- On a plate or shallow bowl add 1/2 cup all purpose flour, set aside. In a second shallow bowl, whisk together 2 large eggs and 1/3 cup milk
- In a third shallow bowl, mix 25 saltine crackers, crushed, 1/2 cup all purpose flour, 1 teaspoon seasoned salt, 1 teaspoon garlic powder and 1/4 teaspoon cayenne pepper or paprika (if using.)
- Dredge cubed steak in flour, then dip in egg mixture and then finally coat with saltine cracker mixture.
- Continue the same procedure for the rest of the steaks and place them on a large baking sheet.
- Heat about 1/2-inch vegetable oil, shortening or lard in a large pan (preferably cast iron) over medium heat. Note: I prefer shortening or lard for these but use the oil you prefer. Cook steak in 2 batches for about 5 minutes per side. Continue with the rest of the steaks.
- Remove steaks to a paper towel-lined baking sheet to drain excess oil.
For the sawmill gravy:
- Once steaks are finished cooking, remove excess oil from pan (leaving about 1/4 cup remaining). Add 1/4 cup all-purpose flour to pan. Whisk and cook over medium heat for 1 minute to make a roux.
- Gradually whisk in 1 1/2 to 2 cups whole milk and cook until thick (continually whisking.) If the gravy starts together too lumpy and thick, just add more milk and continue to whisk.
- Whisk constantly and season to taste with salt and pepper. Note: I find this takes much more salt than you might assume so definitely taste as you go to get it the way you like it.
- Pour gravy over steaks and enjoy!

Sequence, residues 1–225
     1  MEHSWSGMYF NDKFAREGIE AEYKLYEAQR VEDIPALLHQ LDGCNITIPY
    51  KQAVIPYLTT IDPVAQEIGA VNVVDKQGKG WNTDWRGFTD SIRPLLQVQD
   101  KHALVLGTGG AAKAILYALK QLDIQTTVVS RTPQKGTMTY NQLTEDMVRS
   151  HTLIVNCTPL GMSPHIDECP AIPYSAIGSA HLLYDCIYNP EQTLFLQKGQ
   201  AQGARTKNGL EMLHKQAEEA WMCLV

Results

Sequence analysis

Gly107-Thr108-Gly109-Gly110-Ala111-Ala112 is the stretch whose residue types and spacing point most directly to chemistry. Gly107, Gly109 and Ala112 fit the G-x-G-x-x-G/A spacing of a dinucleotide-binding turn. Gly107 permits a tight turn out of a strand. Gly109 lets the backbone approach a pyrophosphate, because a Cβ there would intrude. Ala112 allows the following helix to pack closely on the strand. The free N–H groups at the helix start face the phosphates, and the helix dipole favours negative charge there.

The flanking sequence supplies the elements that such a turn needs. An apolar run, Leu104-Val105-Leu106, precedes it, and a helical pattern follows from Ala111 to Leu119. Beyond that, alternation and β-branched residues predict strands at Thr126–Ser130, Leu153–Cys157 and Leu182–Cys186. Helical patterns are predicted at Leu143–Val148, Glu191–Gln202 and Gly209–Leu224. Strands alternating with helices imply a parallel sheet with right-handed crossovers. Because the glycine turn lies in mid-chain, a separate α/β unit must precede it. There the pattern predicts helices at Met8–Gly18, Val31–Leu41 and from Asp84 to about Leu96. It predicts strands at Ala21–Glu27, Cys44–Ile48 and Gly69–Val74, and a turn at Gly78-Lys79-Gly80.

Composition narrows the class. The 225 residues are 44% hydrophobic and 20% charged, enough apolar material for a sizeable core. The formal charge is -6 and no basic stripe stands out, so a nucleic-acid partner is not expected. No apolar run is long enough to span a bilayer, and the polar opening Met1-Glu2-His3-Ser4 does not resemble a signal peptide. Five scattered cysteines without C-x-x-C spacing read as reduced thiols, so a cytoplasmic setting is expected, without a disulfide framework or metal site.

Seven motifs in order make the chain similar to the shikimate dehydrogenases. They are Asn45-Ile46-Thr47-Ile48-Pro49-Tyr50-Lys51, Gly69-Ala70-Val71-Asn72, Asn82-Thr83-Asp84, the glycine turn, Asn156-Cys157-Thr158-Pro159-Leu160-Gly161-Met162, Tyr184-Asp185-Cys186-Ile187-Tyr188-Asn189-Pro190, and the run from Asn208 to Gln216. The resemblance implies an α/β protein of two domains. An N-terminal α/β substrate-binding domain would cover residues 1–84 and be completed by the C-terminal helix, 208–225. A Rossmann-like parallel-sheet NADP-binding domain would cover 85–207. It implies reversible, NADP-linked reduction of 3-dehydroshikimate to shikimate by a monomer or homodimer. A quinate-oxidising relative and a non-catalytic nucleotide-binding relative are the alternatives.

- Depending on where you live, this cut of meat is called cube or cubed steak. It is usually a round steak that has been run through a mechanical meat tenderizer and you’ll see tiny little holes punched in it (see my image below.)
- Sometimes, even after it is tenderized, it is still thick. If that is the case, you are going to want to pound it down until it is thinner so that it cooks quickly and evenly.
- I really prefer to use shortening or lard to fry these – it really deepens the flavor – but regular peanut or vegetable oil works fine too.
- Salt and pepper are key. It sounds silly but to really get a super tasty white gravy, you need to season it really well. So add a little, then taste. Add a bit more, then taste. Keep doing this until it is just right and not bland.
“The Country Cook” is not a dietician or nutritionist, and any nutritional information shared is an estimate. If calorie count and other nutritional values are important to you, we recommend running the ingredients through whichever online nutritional calculator you prefer. Calories and other nutritional values can vary quite a bit depending on which brands were used.
Originally published: August 2017
Updated & republished: February 2021